U.S. Prostate Cancer Incidence Falls after Change in Screening Recommendations
U.S. Prostate Cancer Incidence Falls after Change in Screening RecommendationsSoon after an independent task force recommended against routine screening of men aged 75 and older for prostate cancer with the prostate-specific antigen (PSA) test, the incidence of early-stage prostate tumors in that population declined, a new analysis shows. The findings suggest that the revised recommendations led to a reduction in prostate cancer screening rates in older men.
The U.S. Preventive Services Task Force (USPSTF) conducted a systematic review of the medical literature and issued the recommendations in August 2008.
"There's a lot of skepticism that these types of recommendations will have an impact on practice patterns, but at least in this case it looks like there has been some [impact]," said study author Dr. David Howard of Emory University in an interview posted online.
For his analysis, published July 23 in Archives of Internal Medicine, Dr. Howard used data from more than 254,000 men with prostate cancer from NCI's Surveillance, Epidemiology, and End Results registry.
He hypothesized that if screening rates in men aged 75 and older fell, the incidence of early-stage prostate tumors, which are detected primarily by PSA-based screening, would also fall relative to the incidence of late-stage tumors and of early-stage tumors in younger men. "And that's exactly what I found," he said in the online interview.
Between 2007 and 2009, the incidence rate for early- and late-stage prostate tumors fell 25.4 percent and 14.3 percent, respectively, among men aged 75 and older. By contrast, the incidence rate for early-stage tumors dropped 15.2 percent among men aged 65 to 74, and 11 percent among men aged 30 to 64, over the same period.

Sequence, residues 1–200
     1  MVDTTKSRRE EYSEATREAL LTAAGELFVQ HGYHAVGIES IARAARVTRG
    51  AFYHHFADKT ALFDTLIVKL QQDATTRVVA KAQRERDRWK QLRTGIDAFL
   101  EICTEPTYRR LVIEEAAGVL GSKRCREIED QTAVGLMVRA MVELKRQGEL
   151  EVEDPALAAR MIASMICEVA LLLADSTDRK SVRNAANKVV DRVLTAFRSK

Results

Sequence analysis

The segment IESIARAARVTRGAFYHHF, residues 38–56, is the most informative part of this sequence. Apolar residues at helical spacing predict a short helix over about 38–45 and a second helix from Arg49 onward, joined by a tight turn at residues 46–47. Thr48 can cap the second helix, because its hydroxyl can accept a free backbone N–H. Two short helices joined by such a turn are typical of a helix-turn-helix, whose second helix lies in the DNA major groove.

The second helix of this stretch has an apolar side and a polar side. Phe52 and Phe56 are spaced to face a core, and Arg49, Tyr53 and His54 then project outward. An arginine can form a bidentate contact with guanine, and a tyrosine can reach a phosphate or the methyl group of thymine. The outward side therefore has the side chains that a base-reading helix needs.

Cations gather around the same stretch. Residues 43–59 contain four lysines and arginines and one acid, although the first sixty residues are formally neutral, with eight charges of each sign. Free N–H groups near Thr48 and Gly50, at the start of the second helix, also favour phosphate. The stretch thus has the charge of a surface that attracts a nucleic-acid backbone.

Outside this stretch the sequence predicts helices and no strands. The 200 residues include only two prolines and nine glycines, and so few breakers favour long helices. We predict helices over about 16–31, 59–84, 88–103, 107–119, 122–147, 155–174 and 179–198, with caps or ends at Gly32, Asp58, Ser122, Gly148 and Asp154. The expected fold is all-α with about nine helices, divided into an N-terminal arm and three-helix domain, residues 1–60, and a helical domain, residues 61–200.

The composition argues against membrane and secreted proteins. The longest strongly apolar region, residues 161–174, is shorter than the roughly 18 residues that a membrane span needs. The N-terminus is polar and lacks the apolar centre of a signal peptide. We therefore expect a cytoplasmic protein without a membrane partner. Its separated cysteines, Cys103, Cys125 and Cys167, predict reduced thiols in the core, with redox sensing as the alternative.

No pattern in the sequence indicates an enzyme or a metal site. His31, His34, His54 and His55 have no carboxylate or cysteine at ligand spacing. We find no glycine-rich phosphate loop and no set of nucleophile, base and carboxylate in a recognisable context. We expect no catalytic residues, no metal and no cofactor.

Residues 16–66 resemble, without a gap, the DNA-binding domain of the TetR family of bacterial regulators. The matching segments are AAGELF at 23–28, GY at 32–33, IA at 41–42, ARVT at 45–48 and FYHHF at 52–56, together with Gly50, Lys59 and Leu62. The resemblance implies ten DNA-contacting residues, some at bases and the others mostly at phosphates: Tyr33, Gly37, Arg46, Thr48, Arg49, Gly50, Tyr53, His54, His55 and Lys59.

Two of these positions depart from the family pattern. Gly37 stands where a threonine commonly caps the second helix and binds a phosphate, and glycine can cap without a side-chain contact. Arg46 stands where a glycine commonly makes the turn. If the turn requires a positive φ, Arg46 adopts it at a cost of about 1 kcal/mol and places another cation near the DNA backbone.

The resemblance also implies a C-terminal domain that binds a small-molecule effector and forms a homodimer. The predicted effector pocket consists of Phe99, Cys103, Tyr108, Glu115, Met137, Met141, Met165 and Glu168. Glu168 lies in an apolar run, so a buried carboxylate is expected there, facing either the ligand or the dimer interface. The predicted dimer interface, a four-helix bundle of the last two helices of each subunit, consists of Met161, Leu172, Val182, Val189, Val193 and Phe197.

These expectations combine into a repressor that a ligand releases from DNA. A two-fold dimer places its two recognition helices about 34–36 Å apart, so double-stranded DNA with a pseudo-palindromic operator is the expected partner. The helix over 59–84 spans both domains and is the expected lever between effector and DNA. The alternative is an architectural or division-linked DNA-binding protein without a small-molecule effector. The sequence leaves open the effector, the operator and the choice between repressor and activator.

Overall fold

Dr. Howard's conclusions differ from those of an earlier report that found that self-reported PSA screening rates in men aged 75 and older did not change between 2005 and 2010. Several factors may explain the discrepancy. For instance, "patients do not [always] accurately report receipt of PSA testing," he explained via e-mail, noting that physicians who stopped screening older men may not have discussed this decision with their patients.
Over time, a clearer picture should emerge of physicians' responses to revised screening recommendations.
"Dr. Howard's data are interesting and relevant," commented Dr. Scott Eggener of the University of Chicago, senior author of the earlier study. "As with all self-reported or population-based data, it's important to replicate using multiple sources."
In a study that is still under review for publication, Dr. Howard also examined PSA testing rates directly using Medicare claims, which he noted are more reliable than patient self reports. He expects the findings from that study to be published soon.
Further reading: "U.S. Preventive Services Task Force Advises against PSA Screening"